Derivatives: Forwards vs Futures

  Before understanding what is derivative, let’s learn what is underlying asset. Underlying asset: Underlying asset can be real asset such as commodities, gold etc or financial assets such as index, interest rates etc. Derivatives: ·         These are financial instruments who value depend upon or is derived from some underlying asset. ·         A derivative does not have its own physical existence, it emerges out of contract between the buyer and seller of derivative instrument. ·         Its value depends upon the value of underlying asset. Hence returns from derivative instruments are linked to returns from underlying assets. ·         The most common underlying assets are stocks, bonds, commodities, market indices and currencies. ·         Derivatives are mainly used to control risks. They can be used to reduce risks (a process known as hedging) or to increase risks in order to enhance returns (speculation)   Classification of Derivatives: ·         Broadly we c

Actuarial Terminologies for General Insurance

 Let's discuss some of the Actuarial Terminologies specific to General Insurance:

Gross Direct Premium : Premium received from direct business written

Gross Written Premium : Gross Direct Premium + Premium received on reinsurance accepted

Net Premium: Gross Written Premium- Premium paid on reinsurance ceded.(by ceded we can say passed)

These three are very simple and related to each other. Now lets move further towards claims.

Gross Claims Paid: Claims paid on direct business written + Claims paid on reinsurance accepted.

Net Claims Paid: Gross Claims Paid - Claim amount received from reinsurance ceded(i.e. passed)

These two are also very simple. Lets move further to Commissions.

Gross Commissions: Commission paid on direct written business + Commission paid on reinsurance accepted.

Net Commission: Gross Commission - Commission received with respect to reinsurance ceded.

"So what happens basically is that when as an insurer, i take a reinsurance then reinsurer will pay me commission because i am bringing a business for him (such as in case of quota share reinsurance). So that's why reinsurer will pay me commission and i deduct that from the net commissions to come at a result that how much i am paying a commission" SEEMS EASY!!

Net Earned Premium(NEP) : Net Premium +/- Adjustment for changes in reserve for unexpired risk(i.e. URR, we will come to that what it is)

OR Premiums received from direct business written + Premium received from reinsurance accepted - Premium paid on reinsurance ceded +/- change in URR = NEP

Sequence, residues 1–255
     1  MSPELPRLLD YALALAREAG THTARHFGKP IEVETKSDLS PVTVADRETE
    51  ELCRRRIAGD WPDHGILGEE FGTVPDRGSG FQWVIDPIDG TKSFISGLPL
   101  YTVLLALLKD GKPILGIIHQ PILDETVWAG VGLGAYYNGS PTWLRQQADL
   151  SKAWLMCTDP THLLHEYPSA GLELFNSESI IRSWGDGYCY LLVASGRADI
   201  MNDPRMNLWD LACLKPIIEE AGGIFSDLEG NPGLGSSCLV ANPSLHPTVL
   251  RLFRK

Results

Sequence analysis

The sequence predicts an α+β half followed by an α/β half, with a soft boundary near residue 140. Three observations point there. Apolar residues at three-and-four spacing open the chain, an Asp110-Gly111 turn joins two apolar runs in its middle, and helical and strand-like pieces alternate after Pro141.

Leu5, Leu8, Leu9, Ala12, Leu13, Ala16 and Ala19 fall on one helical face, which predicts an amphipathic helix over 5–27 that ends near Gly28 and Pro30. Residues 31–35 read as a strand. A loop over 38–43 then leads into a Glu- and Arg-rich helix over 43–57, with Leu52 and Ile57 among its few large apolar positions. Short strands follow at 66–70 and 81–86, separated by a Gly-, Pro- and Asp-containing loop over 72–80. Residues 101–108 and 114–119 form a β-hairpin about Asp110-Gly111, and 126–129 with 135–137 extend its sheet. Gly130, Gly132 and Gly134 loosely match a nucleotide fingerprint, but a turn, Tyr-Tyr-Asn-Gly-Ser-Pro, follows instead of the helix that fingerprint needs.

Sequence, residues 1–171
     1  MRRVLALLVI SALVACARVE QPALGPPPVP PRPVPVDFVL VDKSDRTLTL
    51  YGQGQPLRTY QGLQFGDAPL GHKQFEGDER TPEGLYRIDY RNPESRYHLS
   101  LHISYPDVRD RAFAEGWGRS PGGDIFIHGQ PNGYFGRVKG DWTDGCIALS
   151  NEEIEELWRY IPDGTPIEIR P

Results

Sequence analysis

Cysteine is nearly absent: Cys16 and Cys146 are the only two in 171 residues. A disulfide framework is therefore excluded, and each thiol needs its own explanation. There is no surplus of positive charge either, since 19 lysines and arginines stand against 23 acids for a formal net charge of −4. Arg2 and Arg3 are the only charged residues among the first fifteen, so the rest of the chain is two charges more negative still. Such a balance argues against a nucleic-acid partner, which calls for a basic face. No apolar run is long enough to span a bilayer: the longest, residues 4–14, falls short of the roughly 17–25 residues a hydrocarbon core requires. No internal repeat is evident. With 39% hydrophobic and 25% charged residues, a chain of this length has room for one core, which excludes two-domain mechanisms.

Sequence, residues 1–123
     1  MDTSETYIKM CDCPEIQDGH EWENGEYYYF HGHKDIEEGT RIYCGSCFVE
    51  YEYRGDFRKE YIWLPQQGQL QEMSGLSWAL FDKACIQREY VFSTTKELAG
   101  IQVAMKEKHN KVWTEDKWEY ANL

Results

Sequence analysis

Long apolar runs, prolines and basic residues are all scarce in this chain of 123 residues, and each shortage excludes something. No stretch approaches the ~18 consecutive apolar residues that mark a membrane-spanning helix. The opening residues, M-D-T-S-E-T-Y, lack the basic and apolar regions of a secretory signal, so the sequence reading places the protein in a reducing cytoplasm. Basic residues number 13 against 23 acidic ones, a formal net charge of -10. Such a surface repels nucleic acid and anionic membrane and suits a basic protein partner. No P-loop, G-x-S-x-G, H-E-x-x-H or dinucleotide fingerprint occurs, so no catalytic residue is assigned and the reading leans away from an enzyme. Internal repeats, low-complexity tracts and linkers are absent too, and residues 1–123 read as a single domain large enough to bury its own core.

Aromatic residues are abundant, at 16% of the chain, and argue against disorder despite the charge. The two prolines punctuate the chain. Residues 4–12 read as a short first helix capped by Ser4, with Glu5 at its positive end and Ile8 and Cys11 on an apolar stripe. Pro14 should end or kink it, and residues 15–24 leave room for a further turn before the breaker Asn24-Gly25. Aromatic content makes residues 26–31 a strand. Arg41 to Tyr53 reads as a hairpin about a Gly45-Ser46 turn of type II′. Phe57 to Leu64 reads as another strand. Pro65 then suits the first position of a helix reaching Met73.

Net Claims Incurred: Net Claims paid + Claims outstanding at the end of the year - Claims outstanding at the beginning of the year

OR Claims paid on gross business written + claims paid on reinsurance accepted business - claims amount received from reinsurance ceded + change in Claims O/S.

When i was talking about Commissions paid on Direct Business, it means commissions paid to brokers, agents, corporate agencies and web aggregators.

Loss Ratio : Incurred Claims / Earned Premium. It can be bifurcated into gross or Net. Companies usually specifically mentions in their financials whether its gross or net

Retention Ratio: Net Written Premium / Gross Written Premium

Solvency Ratio: ASM / RSM, where SM means Solvency Margin. A= Actual and R = Required. In India insurance industry solvency should be minimum 150% or 1.5

Underwriting Profit: Net Earned Premium - Net incurred claims +/- Net commissions - Operating expenses.

Ahh!! Expenses

Okay so we divide into Two parts basically ALAE and ULAE.

ALAE: Allocated Loss Adjustment Expense: Which can be allocated to a specific claims for example fees paid to loss adjusters, legal counsels

ULAE: Unallocated LAE. Which cannot be allocated to a specific claims. Example: Salaries, rent and computer expenses of claims department.

"Now as Promised Lets Talk about URR"

For that lets understand how earned premium comes?

I have to prepare my financials on 31st March 2019. Now I sold one policy for 1 year on 1 Feb 2019 for Rs.1200. So at 31st March 2019 i have earned 200rs premium (1200*2/12). I have done that calculation on the assumption that exposure remains constant throughout the policy period, however it will not be case in some policies.

So what about the rest rs.1000 (1200-200). That will be my Unearned Premium.

Unearned Premium Reserve: A reserve for Unexpired risks shall be created as the amount representing that part of the premium written which i attributable to and to be allocated to the succeding accounting periods.

But lets say we do our analysis and it comes to know that Remaining unearned premium is not sufficient for Expected Claims costs (inclusive of expenses). Then it means premium is not enough so i have to make the reserve for the same. Thats where Premium Deficiency comes.

Premium Deficiency Reserve: Premium Deficiency shall be recognized if the sum of expected claim costs, related expenses and maintenance costs exceeds related reserve for Unearned Premium reserve. As per IRDAI, we recognized where deficiency is at entity level.

So what is URR



 Follow us on Linkedin: Actuary Sense

Follow us on Instagram: Actuary Sense


Popular posts from this blog

Overview on Solvency II in a Layman Language - Phase 1 - Actuarial

How to perform the Asset Liability Modelling to determine Investment Strategy

Components of Solvency II in a Layman Language - Phase 2 - Actuarial